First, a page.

Cookie-Dough

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I come back from work, worn out and spent. Each night, I wake up mid-sleep, as if I had never gone to bed.

I walk to the kitchen and start pulling out cans and jars. My eyes don’t even have to see where my hands are going anymore, I remember what bottle lies on which stack just as I know the alphabet.

I follow your recipe to the dot.

The same amount of flour, a cup full of sugar, little chips of chocolate hidden amidst the dough like gems in sand.

But I could never bake them like you did. So by the time I finish, the house starts to feel very empty again, without you and your sweet-smelling cookie dough.

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A Baked Epistolary

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Dear Granny

When the Putlizer Publishers asked me to write a preface for my new cooking book, they asked me to entail my ‘cooking philosophy’ for my readers. When I told the board, in the most obvious and casual manner possible, that I didn’t have one, they raised a brow – a look that was both pathetic and astounded, like I were an outlandish animal – as if it was a sin to not have a cooking philosophy, like cooking philosophies are the most common possessions in the world, like a soul or a pencil – everyone has one.

It took me a long, excruciatingly tiring conversation with Jenny, my editor, to convince her that I wanted my preface to be a letter to my grandmother. So while I hope that you do not regret Jenny’s decision, let me tell my readers a little about Granny.

My grandmother lived in (obviously) the most grandmotherly warm cottage on a snow-capped, treeless hill in Norway. One summer on our way to her house, my parents died in a fatal accident. By default, I was restored to her home, and forced to live there ever-since I was three.

I was a grumpy kid to parent; I hated my life, I hated Norway, and everything about it. I hated how it snowed so much, and rained so little, and how everything about it assertively said ‘White Christmas’. My life was the ultimate dream for many, nevertheless, I detested it with all my heart. Only until, of course, Granny magically sprinkled my life with (the most scrumptious) sugar dust. Literally.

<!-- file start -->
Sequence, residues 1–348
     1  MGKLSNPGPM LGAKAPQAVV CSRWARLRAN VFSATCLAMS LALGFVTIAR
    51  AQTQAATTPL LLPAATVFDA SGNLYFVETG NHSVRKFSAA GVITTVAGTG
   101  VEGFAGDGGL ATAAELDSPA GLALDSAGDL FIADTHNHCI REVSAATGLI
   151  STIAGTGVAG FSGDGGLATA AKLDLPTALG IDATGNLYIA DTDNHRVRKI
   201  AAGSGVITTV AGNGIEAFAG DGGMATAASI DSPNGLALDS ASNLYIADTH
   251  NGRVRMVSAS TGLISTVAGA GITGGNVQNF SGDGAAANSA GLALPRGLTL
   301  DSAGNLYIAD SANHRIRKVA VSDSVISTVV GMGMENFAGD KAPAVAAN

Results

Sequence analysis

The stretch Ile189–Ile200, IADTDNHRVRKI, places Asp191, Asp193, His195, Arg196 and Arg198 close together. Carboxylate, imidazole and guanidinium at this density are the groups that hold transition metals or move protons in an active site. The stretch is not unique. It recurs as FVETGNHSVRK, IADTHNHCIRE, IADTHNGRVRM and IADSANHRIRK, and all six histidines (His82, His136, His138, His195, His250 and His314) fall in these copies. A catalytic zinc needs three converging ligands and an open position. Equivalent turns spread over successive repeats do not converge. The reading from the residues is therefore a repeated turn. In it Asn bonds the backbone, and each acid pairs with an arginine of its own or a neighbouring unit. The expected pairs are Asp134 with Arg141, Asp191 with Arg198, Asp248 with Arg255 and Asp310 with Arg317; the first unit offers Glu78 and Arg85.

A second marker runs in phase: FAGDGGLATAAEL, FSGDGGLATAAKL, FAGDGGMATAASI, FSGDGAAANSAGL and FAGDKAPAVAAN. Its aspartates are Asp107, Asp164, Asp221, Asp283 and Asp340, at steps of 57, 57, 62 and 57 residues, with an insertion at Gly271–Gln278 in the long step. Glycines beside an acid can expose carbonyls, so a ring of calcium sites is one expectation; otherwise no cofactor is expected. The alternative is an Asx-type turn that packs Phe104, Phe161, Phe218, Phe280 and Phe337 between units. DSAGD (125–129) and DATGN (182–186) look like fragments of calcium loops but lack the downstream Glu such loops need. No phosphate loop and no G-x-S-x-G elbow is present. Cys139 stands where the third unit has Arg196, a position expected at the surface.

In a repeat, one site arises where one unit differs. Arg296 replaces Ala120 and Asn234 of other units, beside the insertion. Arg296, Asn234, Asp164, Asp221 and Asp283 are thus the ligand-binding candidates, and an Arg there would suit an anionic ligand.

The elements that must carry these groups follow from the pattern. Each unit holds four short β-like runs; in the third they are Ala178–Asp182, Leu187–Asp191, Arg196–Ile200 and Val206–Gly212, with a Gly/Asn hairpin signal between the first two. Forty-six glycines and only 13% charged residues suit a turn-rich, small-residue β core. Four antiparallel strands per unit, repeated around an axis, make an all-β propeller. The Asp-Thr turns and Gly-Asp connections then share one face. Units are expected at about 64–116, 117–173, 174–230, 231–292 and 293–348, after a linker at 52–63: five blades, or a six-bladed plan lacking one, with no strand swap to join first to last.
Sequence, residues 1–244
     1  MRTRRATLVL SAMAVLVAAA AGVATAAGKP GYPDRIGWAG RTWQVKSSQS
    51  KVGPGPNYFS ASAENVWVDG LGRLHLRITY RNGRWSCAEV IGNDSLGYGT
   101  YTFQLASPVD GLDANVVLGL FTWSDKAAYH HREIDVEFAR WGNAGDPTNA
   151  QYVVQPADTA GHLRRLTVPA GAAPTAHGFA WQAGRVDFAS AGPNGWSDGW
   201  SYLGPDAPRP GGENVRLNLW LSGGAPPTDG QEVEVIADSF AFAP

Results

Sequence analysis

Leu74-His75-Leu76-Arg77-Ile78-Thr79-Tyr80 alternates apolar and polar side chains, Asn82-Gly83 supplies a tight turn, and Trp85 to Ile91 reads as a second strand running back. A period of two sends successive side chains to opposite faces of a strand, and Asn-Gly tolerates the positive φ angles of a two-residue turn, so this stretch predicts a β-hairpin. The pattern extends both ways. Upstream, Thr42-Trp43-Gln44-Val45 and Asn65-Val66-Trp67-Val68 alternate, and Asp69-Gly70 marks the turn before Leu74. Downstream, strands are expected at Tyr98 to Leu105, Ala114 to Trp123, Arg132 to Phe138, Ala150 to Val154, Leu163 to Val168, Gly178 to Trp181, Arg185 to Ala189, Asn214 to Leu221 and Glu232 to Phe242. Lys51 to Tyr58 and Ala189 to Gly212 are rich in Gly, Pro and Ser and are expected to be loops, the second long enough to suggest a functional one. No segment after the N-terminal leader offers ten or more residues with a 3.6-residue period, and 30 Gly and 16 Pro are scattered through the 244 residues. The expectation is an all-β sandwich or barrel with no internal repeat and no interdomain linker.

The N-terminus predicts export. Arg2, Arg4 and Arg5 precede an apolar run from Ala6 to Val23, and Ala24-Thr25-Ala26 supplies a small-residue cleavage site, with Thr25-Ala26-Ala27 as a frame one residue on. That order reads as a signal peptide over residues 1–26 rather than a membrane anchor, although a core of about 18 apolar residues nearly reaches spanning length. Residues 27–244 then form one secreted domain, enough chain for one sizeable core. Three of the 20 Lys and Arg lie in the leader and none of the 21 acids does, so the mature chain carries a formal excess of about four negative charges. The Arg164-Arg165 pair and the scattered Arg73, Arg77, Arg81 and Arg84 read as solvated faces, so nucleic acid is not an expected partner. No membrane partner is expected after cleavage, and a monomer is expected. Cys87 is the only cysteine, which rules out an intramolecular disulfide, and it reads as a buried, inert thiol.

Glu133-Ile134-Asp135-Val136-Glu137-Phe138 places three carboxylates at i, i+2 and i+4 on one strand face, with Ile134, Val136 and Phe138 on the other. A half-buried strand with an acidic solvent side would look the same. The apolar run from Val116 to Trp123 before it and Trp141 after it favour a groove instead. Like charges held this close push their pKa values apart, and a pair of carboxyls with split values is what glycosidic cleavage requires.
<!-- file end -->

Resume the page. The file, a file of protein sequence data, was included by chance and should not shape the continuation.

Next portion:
I categorically remember that afternoon, if the foggy post-noon daylight of Norway may be called an afternoon, when I came back from school, having miserably failed in a class test, hating my life a little more than the day before. I grouchily sat down on the breakfast table and pulled myself a glass of water. I snapped at Granny’s simple question “How would you like some food?” My irritation was bluntly obvious. Nonetheless, Granny, wrapped in wool and tight cooking gowns, pushed a warm baking tray filled with pink macaroons towards me.

Till this day, I cannot define bliss better and more munificently.

Discovering that my grandmother was the best cook in the entire world, and easily the entire universe, was my cue to start loving my life as it was. I would spend hours in the kitchen watching her knead dough, beat eggs, cook cream, roast beef and grate cheese, and I was most certainly duly entertained.

Granny, I clearly remember tasting your red velvet cake for the first time ever. I remember how the cream melted on my mouth, and how the zest of the tangy cheese you had used had twitterpated my taste buds. I remember the perfect roundness of the cake, and the uniqueness of the powdered batter. If flamboyant obsession and starry ardour may be called love, then yes, in a pool of love had I dived, and it tasted and felt delicious, if deliciousness can be called a feeling at all.

So as I scrunch on the leftovers of my red velvet today, which, in fact, the guests called a ‘Near Perfect’, and type this floating preface, I am reminded of everything you ever taught me. I remember how you never revealed to me the recipe for any of your dishes, or never answered how to achieve the perfect thickness in the mango smoothie or the flawlessness of the blueberry soufflé, yet one event stands most distinct amongst all. I remember how I had, almost furtively, cut a tiny slice of your pastry and stored it in my pencil box. When you asked why, I had innocently answered that I wanted to preserve your recipe forever. Ha! How you had laughed!